Maybe it takes a gamer to know a gamer. And it takes a casino genius to know when the casino is rigged against him, momentarily or not.
That's how I felt after reading the unbelievable treatise on gambling and gaming in the stock market that was all part of the usual clinic that one of my heroes, Steve Wynn, put on during his conference call last night.
As you might know, Wynn is the great casino entrepreneur of our generation, which means he not only knows the gaming business and the construction business, but he knows what games are played and how people try to get away with beating the house.
That's why his answer near the end of his pitch-perfect conference call just knocked me over. When asked by Joseph Greff, the JPMorgan analyst about why Wynn (WYNN) recently upped his buyback, Wynn gave this amazing answer:
"Well, we never know what the street is going to do with the funky trading. And we all feel that both as individuals and the company, that we should be prepared to take advantage of any real opportunity when it occurs. And my board feels that way, and so do I. So we just wanted to make sure that we are properly armed in case there was something strange that happened on Wall Street and the stock market dropped, or our stock went to a level that we thought was grossly oversold we would jump on it."
Wynn continued: "As long as the short players fool around for one dollar or two dollars, that's fine. But when shorts, the exchanges don't really enforce the rules of naked shorts, so I mean it's unconscionable manipulation of the stock that occurs. They open up every morning and the high frequency traders have a ball selling shares and then value buyers step in in the afternoon and they cover their shorts; I mean, it is regular casino activity."
That wasn't all: "The activity in the stock markets is, in my view, poorly regulated and irresponsibly policed, especially with regard to short sales. We see a lot of shorts because of China, because we are such a clear China play."
There are 100 million shares out there and 14 million of them are sold short. Wynn admits there's nothing he can do about that. He doesn't mind. He is willing to take the other side of the trade. He's bought about $100 million in stock, including huge chunks in the breakdown to the mid $50s -- mighty smart after this romp.
But I think he was simply taking advantage of what he perceives as total manipulation. As he put it about the heavy short position: "Although I can't do anything about it myself, I take advantage of it when it gets online, and I buy shares. I mean, it is fine when they drive the stock down for reasons that are irrelevant and completely disconnected from anything to do with our business operations."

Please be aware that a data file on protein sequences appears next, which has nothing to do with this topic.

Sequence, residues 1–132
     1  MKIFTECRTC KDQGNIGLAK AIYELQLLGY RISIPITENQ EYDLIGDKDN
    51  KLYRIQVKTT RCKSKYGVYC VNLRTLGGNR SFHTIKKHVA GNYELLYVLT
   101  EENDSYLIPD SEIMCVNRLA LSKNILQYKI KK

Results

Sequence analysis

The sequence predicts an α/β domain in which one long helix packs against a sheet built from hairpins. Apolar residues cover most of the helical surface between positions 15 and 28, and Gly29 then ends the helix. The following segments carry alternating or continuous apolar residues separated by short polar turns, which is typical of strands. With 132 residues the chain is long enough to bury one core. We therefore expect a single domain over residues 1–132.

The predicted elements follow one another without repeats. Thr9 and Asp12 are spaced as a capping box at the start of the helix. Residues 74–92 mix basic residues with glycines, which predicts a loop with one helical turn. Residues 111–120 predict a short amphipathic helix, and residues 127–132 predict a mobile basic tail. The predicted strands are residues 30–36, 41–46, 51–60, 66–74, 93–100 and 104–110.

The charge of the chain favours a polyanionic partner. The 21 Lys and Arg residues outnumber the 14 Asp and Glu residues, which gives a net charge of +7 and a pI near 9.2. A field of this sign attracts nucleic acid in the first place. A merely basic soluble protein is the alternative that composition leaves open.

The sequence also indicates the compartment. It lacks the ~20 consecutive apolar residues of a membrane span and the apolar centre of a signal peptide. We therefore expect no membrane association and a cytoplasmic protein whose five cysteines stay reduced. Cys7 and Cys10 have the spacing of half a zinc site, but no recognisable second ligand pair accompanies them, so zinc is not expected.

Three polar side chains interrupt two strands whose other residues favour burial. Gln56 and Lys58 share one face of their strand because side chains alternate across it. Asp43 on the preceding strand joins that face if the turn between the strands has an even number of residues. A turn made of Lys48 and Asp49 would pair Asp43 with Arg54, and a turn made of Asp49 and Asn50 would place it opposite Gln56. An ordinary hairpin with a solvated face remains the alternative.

But he does make a terrific point, that stock markets just aren't regulated well at all, certainly not as well as casinos, and it wrecks it for everyone: "so the stock markets got more volatile and more stupid as a gambling game than ever before."
He says he has "very little respect for the integrity of the trading on the exchange of most stocks, and I have particular disdain for the fact that the SEC has failed to deal with high frequency traders." He says these traders have unfair advantages when it comes to buy and sell orders.
That's why he says he uses the IEX created by Brad Katsuyama, the hero in Flash Boys, the book by Michael Lewis, so that the order can't be front run by these traders.
He then went on to talk about how he watched his stock be walked up on several thousand shares, as stock was obviously being taken ahead of a big order. "I mean every trade was a tick up. That's not the way it should operate in an honestly and intelligently run exchange."
I think Wynn's dead right. I see this activity all of the time in his stock. It is a play thing for the shorts and the high frequency traders. He's been able to take advantage of the shorts who he says helped drive it down, by getting great prices ahead of what turned out to be a bottom in Macau. But as for the day-to-day trading? It's ridiculous. None of us would play cards at a table where the guy ahead of us knows our cards.
Yet, that's' what's going on. Wynn knows it. But most CEOs don't. I guess it takes a gamer to know when the game's rigged, and Wynn knows it better than anyone.